Mod Squad: Frap Tools Fumana - EMusician

Mod Squad: Frap Tools Fumana

Dynamic filtering at its most affordable
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One of the most exciting Eurorack module releases in the past few months is the Frap Tools Fumana. Referred to as a Dual 16 Bands Spectral Editor [sic], the Fumana is based on the Buchla 296 and 296e Spectral Processor, which you could think of as a dynamic 16-band graphic EQ, where each frequency band under voltage control. The module’s purpose is to give you the ability to transfer the energy of eight frequency bands to another part of the spectrum, including movement from the even to odd bands, and vice versa.

When I reviewed the Buchla 200e system for EM in 2011 (available at emusician.com), the 296e was one of my favorite modules to use—not only for vocoder-like duties, but as a wide ranging, real-time spectral processor of audio signals with an immediately recognizable character. Priced at $4,600 as it was at the time, made it even more exotic. (Because two of the modules can be linked together for even greater processing power, Don delivered a pair of the 296e's to me personally for the review, in a shoe box. The contents of that box were worth more than my car at the time!)

Rather than duplicating the exact sound and functionality of the Buchla 296 concept, Frap Tools decided to create a spectral processor that could be used as much to complement external sounds. Consequently, the Fumana was engineered to provide a flat, uncolored sound when the controls are in their nominal settings.

And remarkably, the module is priced just below a grand, coming in at nearly a fifth of the cost of the 296e module. If the Fumana’s price tag seems steep for a Eurorack, check out what it does in the analog realm and you’ll begin to see that its price is justified.


For a Eurorack module, the Frap Tools Fumana gives you unprecedented control over the frequency spectrum.

For a Eurorack module, the Frap Tools Fumana gives you unprecedented control over the frequency spectrum.

The Fumana is comprised of two 16-band, fixed-filter banks, one referred to as the Main (or Synthesis) filter array, the other as the Modulator (or Analysis) bank. Each band of the Main filterbank has its own VCA input, whereas each band of the Modulator array has an envelope follower output. When only one audio input is present, it is nor-malled to the other audio input; similarly, when only one modulation signal is patched in, it is nor-malled to both inputs.

The tops of the faders light when the corresponding band lets signal through as a result of any signal input to the VCA and envelope (or based on the Tilt and Scanner settings, discussed later in the review).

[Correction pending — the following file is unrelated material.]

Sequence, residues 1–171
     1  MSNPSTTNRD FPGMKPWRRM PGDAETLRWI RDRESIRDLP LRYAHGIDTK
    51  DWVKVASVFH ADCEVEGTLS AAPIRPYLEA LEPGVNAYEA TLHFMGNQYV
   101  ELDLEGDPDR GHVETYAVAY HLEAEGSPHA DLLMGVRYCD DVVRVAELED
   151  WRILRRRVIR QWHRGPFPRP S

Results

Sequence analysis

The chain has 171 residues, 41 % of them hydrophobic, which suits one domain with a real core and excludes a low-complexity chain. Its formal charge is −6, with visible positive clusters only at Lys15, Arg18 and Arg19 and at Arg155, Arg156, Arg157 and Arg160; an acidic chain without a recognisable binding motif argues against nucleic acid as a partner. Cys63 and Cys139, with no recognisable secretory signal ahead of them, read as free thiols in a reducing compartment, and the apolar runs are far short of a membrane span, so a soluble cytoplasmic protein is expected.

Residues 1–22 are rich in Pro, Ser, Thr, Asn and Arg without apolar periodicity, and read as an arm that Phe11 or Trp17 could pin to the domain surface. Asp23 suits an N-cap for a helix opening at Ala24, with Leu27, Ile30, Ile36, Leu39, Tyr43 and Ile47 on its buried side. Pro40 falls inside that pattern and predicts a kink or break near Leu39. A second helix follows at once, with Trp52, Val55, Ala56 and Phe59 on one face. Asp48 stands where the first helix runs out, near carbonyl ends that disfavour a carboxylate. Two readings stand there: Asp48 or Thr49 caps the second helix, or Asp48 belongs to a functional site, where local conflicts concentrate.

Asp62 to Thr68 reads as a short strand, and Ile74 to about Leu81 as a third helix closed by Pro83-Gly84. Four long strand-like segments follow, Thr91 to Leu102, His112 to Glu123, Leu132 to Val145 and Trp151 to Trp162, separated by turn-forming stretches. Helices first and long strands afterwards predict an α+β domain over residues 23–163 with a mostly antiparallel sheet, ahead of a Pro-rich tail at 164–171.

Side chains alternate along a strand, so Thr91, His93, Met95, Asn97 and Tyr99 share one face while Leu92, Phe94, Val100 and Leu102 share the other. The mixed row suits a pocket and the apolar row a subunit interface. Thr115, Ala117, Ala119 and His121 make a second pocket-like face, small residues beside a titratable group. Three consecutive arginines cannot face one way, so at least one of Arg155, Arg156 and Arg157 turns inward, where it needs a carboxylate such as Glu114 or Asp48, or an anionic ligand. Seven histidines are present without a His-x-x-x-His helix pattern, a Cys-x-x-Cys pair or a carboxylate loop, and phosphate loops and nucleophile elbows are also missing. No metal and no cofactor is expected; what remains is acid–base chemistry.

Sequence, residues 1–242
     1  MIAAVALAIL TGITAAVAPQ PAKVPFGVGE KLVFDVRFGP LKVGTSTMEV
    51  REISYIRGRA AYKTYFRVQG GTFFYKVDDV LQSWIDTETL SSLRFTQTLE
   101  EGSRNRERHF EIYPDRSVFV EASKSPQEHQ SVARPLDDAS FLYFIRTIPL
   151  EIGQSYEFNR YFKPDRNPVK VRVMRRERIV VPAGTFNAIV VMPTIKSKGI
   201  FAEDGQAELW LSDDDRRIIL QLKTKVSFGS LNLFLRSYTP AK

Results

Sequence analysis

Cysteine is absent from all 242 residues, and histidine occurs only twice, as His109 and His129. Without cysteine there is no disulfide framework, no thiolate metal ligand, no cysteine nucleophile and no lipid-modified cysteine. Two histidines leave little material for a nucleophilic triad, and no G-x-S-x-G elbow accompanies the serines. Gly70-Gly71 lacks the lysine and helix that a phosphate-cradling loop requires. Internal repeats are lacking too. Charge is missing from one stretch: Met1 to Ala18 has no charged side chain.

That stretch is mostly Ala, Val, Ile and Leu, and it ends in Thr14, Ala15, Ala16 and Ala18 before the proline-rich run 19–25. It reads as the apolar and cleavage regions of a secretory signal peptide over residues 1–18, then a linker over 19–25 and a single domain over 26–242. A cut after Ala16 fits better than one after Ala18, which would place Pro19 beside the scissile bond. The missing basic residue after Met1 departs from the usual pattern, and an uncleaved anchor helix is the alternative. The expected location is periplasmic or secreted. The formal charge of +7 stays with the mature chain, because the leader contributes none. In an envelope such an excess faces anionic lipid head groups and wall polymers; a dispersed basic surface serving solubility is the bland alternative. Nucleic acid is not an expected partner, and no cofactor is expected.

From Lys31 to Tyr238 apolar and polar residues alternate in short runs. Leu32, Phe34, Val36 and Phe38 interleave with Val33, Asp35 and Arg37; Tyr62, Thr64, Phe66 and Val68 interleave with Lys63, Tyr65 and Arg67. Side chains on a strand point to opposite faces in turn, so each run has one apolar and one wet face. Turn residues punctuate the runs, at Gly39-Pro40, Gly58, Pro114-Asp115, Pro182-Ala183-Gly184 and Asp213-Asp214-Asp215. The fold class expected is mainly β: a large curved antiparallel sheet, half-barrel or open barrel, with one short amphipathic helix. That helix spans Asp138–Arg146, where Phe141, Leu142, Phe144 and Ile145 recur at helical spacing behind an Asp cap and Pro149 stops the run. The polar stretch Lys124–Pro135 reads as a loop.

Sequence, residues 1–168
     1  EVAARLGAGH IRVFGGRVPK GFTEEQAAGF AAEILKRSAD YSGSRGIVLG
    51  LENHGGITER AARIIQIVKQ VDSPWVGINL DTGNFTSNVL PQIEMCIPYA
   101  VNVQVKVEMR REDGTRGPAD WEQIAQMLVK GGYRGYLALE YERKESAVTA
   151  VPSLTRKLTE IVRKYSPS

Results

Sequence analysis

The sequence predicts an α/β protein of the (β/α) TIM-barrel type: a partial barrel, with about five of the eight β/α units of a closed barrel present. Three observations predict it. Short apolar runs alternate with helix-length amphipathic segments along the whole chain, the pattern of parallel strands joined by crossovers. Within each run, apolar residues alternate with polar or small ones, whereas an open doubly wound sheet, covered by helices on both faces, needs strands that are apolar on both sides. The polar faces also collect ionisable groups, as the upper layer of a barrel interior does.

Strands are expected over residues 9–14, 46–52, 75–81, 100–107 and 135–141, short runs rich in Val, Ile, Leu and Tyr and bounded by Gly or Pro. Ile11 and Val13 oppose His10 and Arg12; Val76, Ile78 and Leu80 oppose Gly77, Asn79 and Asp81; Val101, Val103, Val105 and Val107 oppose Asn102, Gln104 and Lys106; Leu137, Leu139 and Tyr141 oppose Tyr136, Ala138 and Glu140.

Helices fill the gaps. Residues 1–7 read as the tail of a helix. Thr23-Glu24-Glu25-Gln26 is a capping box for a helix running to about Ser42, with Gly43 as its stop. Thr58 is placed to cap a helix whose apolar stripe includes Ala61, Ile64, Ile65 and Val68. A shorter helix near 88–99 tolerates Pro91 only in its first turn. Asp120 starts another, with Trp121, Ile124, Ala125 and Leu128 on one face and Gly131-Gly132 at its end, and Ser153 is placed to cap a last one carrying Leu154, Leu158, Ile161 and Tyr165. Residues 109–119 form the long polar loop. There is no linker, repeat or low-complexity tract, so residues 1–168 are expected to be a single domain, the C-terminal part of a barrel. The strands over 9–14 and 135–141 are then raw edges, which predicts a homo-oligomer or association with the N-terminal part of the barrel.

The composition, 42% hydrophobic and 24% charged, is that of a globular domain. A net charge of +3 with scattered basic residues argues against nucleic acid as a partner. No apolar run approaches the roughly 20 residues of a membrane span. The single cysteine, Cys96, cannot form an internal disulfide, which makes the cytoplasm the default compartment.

The bands in both filter banks are numbered 1 through 16, and you can control the odd-numbered bands independently of the even-numbered bands. Markings on the front panel make it easy to see which banks are odd and which are even.

A separate audio output for the Odd and Even bands is in the upper left corner of the panel. The All output provides both sets of frequency bands but processed through a lowpass filter set to 18kHz. Both the Odd and Even bands also have their own phase-inversion switch, which is useful for creating effects by combining their outputs with the All signal.

Additionally, each band has a discrete output that taps the signal before the VCA. These stretch across the top of the module and work independently of the Odd, Even and All audio outputs.


And interesting feature of the Fumana is the spectral Tilt function (controlled by the larger knob circled in green), which gives you control over the upper and lower eight bands as a group.

Imagine the frequency spectrum is sitting on a see-saw, with the fulcrum point placed between bands 8 and 9. By turning Tilt clockwise, you emphasize the treble bands 9 through 16, while simultaneously attenuating the low-frequency bands, 1 through 8. Turning it counterclockwise boosts the low end from bands 8 to 1 while gradually cutting the highs from band 9 upward. Tilt has its own CV input and attenuverter.

The other three knobs (circled in yellow) are the scanning parameters and work in tandem to determine which parts of the overall frequency spectrum are emphasized or cut. The Peak/Notch knob (on the left) determines the amount of emphasis or attenuation, whereas the Width knob (on the right) sets the number of bands involved (0 to all 16 bands). The position of the Center control weights the emphasis towards the upper or lower parts of the spectrum. The CV input for each scanning parameter also includes an attenuverter to adjust the external modulator.